In normal pressure hydrocephalus (NPH), a condition primarily restricted to older adults, accumulating cerebrospinal fluid enlarges the ventricles but may not increase intracranial pressure. Nonetheless the abnormal collection of fluid causes a triad of symptoms: urinary incontinence, progressive gait ataxia, and cognitive deficits. The latter can include disorientation, confusion, apathy, decreased attention span, mental slowing, agitation, paranoid ideation, anxiety, and eventually memory loss—symptoms that resemble primary dementias. Although published rates vary widely, NPH may account for as many as 10% of all dementias.
Because these same symptoms can characterize the aging process, NPH is greatly underdiagnosed or is misdiagnosed as other conditions common among the elderly such as Parkinson’s or Alzheimer’s disease. In fact, the mean time that elapses between a patient seeking treatment and receiving the correct diagnosis is about 7 years. Even when NPH is diagnosed, neurologists and neurosurgeons may hesitate to institute treatment because traditional approaches to management with fixed flow shunts have been associated with high rates of serious complications. As a result, individuals with NPH can lose many years of what otherwise might have been an active, vigorous retirement. With this insidious disease afflicting perhaps 350,000 people over the age of 65 years in the United States, it is clear that the human cost is enormous. And in some cases unnecessary.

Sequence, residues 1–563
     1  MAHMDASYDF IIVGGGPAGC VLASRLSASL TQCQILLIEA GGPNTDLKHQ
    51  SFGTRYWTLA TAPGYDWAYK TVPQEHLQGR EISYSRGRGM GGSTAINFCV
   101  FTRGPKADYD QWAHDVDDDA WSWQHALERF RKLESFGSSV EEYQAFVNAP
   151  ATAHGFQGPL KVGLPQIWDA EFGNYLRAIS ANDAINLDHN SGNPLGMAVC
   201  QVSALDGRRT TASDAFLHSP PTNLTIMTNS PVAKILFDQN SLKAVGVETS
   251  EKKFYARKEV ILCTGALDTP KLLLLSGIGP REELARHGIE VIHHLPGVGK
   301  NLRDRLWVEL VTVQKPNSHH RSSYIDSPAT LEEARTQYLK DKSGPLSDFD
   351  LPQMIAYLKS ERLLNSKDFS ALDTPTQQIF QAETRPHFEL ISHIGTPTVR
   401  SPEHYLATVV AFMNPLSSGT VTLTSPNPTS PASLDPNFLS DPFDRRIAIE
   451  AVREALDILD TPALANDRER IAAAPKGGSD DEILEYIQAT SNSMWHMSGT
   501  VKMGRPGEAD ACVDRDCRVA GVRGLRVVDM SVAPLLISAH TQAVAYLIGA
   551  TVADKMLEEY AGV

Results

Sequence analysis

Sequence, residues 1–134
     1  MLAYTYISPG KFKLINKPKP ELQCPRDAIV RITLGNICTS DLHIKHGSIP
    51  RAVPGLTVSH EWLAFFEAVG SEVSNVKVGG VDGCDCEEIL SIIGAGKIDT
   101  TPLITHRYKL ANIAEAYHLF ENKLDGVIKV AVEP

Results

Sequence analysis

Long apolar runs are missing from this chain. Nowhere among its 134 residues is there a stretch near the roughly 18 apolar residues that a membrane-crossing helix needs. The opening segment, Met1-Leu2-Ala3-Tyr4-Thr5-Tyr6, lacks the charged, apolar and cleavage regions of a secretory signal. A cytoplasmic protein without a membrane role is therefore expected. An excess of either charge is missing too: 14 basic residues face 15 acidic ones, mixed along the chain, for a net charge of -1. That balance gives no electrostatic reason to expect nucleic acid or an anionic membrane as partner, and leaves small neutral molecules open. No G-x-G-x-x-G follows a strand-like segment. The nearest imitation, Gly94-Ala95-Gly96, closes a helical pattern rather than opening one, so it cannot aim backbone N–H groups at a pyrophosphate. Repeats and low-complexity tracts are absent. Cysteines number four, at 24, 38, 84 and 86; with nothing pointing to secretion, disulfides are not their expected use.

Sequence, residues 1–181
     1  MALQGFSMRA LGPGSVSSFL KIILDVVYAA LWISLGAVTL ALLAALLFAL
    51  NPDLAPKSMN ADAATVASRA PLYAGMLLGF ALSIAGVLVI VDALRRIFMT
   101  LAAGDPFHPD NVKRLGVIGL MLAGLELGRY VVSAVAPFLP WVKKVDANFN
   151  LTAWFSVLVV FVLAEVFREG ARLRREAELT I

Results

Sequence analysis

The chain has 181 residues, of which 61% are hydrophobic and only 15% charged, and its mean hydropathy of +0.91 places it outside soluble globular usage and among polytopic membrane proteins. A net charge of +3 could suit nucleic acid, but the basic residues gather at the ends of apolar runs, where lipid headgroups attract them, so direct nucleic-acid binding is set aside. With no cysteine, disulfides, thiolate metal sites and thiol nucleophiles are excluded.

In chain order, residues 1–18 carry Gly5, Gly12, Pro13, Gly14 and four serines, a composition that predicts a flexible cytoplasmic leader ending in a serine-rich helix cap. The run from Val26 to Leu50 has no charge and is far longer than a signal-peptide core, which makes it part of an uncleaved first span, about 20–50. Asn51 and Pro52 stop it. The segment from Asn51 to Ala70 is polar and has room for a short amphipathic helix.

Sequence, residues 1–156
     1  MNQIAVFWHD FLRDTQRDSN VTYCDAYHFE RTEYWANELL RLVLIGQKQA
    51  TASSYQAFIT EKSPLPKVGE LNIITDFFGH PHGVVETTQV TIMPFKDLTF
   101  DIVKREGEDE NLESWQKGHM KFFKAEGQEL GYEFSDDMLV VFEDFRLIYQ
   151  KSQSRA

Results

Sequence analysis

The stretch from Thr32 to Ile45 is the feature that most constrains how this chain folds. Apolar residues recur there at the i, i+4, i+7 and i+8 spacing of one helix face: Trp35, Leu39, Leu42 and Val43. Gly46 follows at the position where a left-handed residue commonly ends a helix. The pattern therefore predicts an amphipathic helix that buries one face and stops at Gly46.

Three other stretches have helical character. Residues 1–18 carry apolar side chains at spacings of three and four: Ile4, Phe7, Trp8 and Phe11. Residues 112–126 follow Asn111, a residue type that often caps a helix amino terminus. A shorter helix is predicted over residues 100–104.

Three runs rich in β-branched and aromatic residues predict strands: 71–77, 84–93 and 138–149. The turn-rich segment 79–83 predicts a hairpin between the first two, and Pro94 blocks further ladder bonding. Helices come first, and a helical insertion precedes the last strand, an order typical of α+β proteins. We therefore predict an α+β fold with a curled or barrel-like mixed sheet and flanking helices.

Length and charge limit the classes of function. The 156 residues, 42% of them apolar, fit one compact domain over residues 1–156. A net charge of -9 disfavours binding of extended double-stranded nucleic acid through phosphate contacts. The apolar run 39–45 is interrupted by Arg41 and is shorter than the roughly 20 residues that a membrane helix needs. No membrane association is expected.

This issue of the Barrow Quarterly, spearheaded by Dr. Harold L. Rekate and underwritten with a generous donation from Codman, a division of Johnson and Johnson, is devoted to changing this unfortunate situation. Codman has introduced a unique programmable shunt that Dr. Rekate, among others, has implanted in select patients with NPH. After implantation of the shunt, its pressure settings can be adjusted noninvasively in a few seconds to control the symptoms of an individual patient; further surgery is unnecessary. Some individuals with NPH have improved remarkably after undergoing this procedure, regaining a lifestyle both they and their loved ones had thought impossible. We hope that this issue will help raise awareness of this sometimes treatable form of dementia among physicians so that patients everywhere can benefit from appropriate management.
Robert F. Spetzler, MD